Built across the Fraser River, the Pattullo Bridge links the cities of Surrey and New Westminster in British Columbia, Canada. The bridge was named after the former British Columbia premier Duff Pattullo. It was opened to traffic in November 1937. It has four traffic lanes and a downstream sidewalk.

Greater Vancouver Transportation Authority (GVTA), which is also known as TransLink, owns the bridge. Nearly 80,000 vehicles use the bridge every day.

On 18 January 2009, a wooden trestle, which supports the southern end, underneath the bridge caught fire and was destroyed. The structure, which consisted of wood covered in creosote was 71 years old at the time. Wood had been used to provide stability in a marshy area. The bridge was temporarily closed after the fire and re-opened on 26 January 2009.

Experts fear that the Pattullo Bridge will be at risk if a strong earthquake strikes the area. The bridge has had no seismic upgrade in the last 12 years (reported in 2011). TransLink is considering either retrofitting or replacing the bridge. If the old bridge remains, then it will have to be closed in the event of an earthquake, according to TransLink.

“The Pattullo Bridge was designed by Major W.G.Swan.”


In 2008, TransLink, the transportation authority of the southern coast of British Columbia, announced that a new six lane bridge will be built to replace the aging bridge, at a cost of approximately CAD1.2bn, by the end of the decade. The completion date was later postponed to 2015 or 2016.

In February 2011, it was reported that TransLink was reconsidering its decision to build the new bridge. A public consultation on the subject will be conducted in June.


Construction of the Pattullo Bridge began in October 1935. The bridge was opened to traffic on 15 November 1937. The total length of the bridge is 7,800ft inclusive of the length of the approaches. The clearance above the Fraser River is 150ft.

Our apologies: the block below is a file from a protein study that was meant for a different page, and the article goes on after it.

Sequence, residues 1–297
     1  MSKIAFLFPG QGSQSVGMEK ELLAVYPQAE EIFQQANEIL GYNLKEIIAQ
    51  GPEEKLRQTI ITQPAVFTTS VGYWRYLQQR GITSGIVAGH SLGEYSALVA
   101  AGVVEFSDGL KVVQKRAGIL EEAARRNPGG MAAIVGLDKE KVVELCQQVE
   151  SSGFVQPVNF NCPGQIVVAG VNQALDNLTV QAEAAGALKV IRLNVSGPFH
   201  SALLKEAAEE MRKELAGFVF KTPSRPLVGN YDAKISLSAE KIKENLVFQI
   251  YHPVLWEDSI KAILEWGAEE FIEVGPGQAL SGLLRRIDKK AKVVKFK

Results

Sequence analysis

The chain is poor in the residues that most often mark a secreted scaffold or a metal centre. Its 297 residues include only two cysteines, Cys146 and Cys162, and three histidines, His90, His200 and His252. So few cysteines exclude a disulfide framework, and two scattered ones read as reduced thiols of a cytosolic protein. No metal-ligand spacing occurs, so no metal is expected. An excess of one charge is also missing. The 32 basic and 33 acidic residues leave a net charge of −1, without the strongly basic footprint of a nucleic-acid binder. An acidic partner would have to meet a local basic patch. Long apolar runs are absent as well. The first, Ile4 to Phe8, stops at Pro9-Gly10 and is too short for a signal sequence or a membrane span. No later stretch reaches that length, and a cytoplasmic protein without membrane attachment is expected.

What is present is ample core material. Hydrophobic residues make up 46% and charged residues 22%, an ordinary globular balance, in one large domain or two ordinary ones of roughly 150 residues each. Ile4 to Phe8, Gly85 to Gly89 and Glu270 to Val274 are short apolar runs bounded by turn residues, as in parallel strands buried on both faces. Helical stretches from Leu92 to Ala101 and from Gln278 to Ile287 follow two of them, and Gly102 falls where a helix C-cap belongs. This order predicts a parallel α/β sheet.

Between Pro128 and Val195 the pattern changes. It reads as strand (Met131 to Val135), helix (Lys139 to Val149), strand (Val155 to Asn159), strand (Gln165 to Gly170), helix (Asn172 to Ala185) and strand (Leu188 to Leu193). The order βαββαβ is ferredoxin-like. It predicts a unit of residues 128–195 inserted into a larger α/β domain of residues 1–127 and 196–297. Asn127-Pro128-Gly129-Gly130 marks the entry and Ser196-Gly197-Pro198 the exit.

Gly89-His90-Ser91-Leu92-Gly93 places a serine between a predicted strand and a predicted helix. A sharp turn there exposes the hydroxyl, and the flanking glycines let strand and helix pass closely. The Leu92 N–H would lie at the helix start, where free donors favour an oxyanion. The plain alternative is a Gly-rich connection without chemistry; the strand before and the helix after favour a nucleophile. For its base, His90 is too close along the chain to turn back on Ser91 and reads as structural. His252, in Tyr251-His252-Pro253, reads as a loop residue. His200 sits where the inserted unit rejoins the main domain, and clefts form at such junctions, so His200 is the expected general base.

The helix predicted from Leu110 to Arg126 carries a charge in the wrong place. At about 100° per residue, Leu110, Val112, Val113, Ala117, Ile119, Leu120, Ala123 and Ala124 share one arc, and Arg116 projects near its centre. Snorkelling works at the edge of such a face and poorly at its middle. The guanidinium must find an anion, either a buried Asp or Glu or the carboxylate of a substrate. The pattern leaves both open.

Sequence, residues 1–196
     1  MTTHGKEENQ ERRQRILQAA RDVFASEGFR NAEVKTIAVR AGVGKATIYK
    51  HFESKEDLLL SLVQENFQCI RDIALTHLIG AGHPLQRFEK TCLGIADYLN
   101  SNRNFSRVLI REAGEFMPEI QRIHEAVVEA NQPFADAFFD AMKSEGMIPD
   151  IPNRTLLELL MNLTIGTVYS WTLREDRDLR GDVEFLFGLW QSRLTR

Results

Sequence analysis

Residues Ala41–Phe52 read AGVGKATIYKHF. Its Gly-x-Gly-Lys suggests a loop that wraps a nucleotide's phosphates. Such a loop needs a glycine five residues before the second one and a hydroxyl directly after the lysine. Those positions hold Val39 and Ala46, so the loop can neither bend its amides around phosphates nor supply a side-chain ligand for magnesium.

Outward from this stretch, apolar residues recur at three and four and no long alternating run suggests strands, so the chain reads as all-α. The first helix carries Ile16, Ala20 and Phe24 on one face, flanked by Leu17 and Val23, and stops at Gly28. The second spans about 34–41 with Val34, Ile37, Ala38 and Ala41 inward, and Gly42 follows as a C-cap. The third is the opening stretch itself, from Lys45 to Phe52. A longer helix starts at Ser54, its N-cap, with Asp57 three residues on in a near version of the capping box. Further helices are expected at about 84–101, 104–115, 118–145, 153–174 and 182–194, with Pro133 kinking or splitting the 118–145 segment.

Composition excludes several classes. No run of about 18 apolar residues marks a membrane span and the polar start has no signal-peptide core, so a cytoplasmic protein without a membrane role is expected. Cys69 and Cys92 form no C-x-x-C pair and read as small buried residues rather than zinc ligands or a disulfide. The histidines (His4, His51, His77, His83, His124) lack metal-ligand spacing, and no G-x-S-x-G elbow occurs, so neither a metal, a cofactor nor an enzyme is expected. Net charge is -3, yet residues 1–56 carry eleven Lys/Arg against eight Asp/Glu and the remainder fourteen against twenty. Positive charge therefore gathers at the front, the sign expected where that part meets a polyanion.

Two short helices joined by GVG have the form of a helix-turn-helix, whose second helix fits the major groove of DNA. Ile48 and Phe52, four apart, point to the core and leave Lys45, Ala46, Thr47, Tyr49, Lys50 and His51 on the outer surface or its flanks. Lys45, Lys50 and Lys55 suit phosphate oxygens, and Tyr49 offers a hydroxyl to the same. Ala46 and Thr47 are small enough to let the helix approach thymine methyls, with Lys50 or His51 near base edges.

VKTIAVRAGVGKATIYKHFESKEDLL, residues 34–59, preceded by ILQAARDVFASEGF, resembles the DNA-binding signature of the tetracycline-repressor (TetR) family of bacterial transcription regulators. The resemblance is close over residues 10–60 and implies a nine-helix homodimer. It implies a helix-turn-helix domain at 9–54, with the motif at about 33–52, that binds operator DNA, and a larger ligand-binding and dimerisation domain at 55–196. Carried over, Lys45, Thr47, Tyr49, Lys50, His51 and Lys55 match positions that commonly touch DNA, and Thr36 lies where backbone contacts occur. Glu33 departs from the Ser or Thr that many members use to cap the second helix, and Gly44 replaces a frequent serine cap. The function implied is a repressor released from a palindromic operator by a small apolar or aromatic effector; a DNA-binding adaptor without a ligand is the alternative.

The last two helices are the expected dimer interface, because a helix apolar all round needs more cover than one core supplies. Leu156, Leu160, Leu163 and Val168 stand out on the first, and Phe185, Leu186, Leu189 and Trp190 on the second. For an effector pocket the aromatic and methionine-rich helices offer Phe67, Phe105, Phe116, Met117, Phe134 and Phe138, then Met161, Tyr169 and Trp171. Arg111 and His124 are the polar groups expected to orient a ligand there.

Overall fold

The bridge was built by The Dominion Bridge Co. (re-named ADF Heavy Industries in 1998) and Northern Construction & J.W. Stewart.

The construction required 365,000t of earth and 150,000t of sand and rock, 7,000t of steel and two million board feet of timber.


The original bridge construction had cost CAD 4m, including the cost of the main contract, cement, purchase of the right of way, and re-alignment and the resurfacing of highways.


In August 2002, Buckland & Taylor were commissioned to inspect a set of components of the steel truss spans of the bridge located between Piers 0 and 9. In January 2003, Buckley & Taylor were asked to inspect the remaining components. They were also asked to provide a live load rating of all the deck systems and truss members between Piers 0 and 9.

In 2004, Buckland & Taylor were appointed GVTA representative and structural engineer for phase 1 of the renovation work on the bridge. In this capacity, they rendered construction support. In Phase 2, the company provided contract administration and structural engineering services.

In 2009, the company designed the emergency replacement of the section of the bridge destroyed by the fire. They located the replacement in the Langley, British Columbia yard of Surespan Construction. The structure had been used as a bridge over an excavated station location.

“Experts fear that the Pattullo Bridge will be at risk if a strong earthquake strikes the area.”

Throughout the 1980s, Ausenco Sandwell was responsible for the replacement of the south approach bearings, seismic upgrades of the south approach spans and replacement of the joint and steel floor beams to the river piers. The company worked for the Ministry of Transportation.

In 1995, Ausenco Sandwell conducted a preliminary seismic assessment of the bridge. In 1998, the company conducted a full condition and rehabilitation study with cost estimates for the Ministry in order to facilitate the transfer of the bridge’s ownership to TransLink.

In 2006, Ausenco Sandwell, working for TransLink, came up with a preliminary design for the rehabilitation, widening and seismic retrofitting of the bridge.


The Pattullo Bridge was designed by Major W.G.Swan who was the consulting engineer on the project. He designed a compression arch suspended-deck bridge.
The unique design feature of the bridge is a wooden trestle. The area in which the bridge was built has weak and compressible soft soil.

A short wooden section with a shallow foundation and timber structure was worked into the design. This was done so that the section could be shimmed up regularly to deal with the sinking of the soil due to the weight of the bridge. A very flammable petroleum based product called creosote was used as the preservative for the wooden beams.

The extremely narrow lanes and the curves on each end of the bridge are considered to be serious design flaws by today’s standards.